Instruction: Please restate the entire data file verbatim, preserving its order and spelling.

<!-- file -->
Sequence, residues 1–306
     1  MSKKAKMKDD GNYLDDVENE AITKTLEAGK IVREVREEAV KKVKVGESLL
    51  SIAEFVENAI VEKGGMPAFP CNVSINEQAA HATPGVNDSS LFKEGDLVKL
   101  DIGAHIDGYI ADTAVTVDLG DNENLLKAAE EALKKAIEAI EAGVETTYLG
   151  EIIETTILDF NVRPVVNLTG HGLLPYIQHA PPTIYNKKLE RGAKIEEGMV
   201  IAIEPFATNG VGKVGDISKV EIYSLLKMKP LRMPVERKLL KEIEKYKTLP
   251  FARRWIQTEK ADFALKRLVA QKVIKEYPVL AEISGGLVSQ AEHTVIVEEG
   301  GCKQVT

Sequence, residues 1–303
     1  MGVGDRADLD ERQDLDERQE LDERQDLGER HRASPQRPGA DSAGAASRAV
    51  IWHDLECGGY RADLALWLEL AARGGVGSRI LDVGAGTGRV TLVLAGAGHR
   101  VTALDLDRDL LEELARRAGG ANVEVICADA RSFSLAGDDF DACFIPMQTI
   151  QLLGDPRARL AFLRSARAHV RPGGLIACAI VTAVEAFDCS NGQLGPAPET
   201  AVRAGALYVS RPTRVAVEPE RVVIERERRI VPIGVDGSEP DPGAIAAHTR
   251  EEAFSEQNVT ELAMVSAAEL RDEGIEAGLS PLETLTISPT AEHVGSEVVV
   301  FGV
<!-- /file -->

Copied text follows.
Sequence, residues 1–306
     1  MSKKAKMKDD GNYLDDVENE AITKTLEAGK IVREVREEAV KKVKVGESLL
    51  SIAEFVENAI VEKGGMPAFP CNVSINEQAA HATPGVNDSS LFKEGDLVKL
   101  DIGAHIDGYI ADTAVTVDLG DNENLLKAAE EALKKAIEAI EAGVETTYLG
   151  EIIETTILDF NVRPVVNLTG HGLLPYIQHA PPTIYNKKLE RGAKIEEGMV
   201  IAIEPFATNG VGKVGDISKV EIYSLLKMKP LRMPVERKLL KEIEKYKTLP
   251  FARRWIQTEK ADFALKRLVA QKVIKEYPVL AEISGGLVSQ AEHTVIVEEG
   301  GCKQVT

Sequence, residues 1–303
     1  MGVGDRADLD ERQDLDERQE LDERQDLGER HRASPQRPGA DSAGAASRAV
    51  IWHDLECGGY RADLALWLEL AARGGVGSRI LDVGAGTGRV TLVLAGAGHR
   101  VTALDLDRDL LEELARRAGG ANVEVICADA RSFSLAGDDF DACFIPMQTI
   151  QLLGDPRARL AFLRSARAHV RPGGLIACAI VTAVEAFDCS NGQLGPAPET
   201  AVRAGALYVS RPTRVAVEPE RVVIERERRI VPIGVDGSEP DPGAIAAHTR
   251  EEAFSEQNVT ELAMVSAAEL RDEGIEAGLS PLETLTISPT AEHVGSEVVV
   301  FGV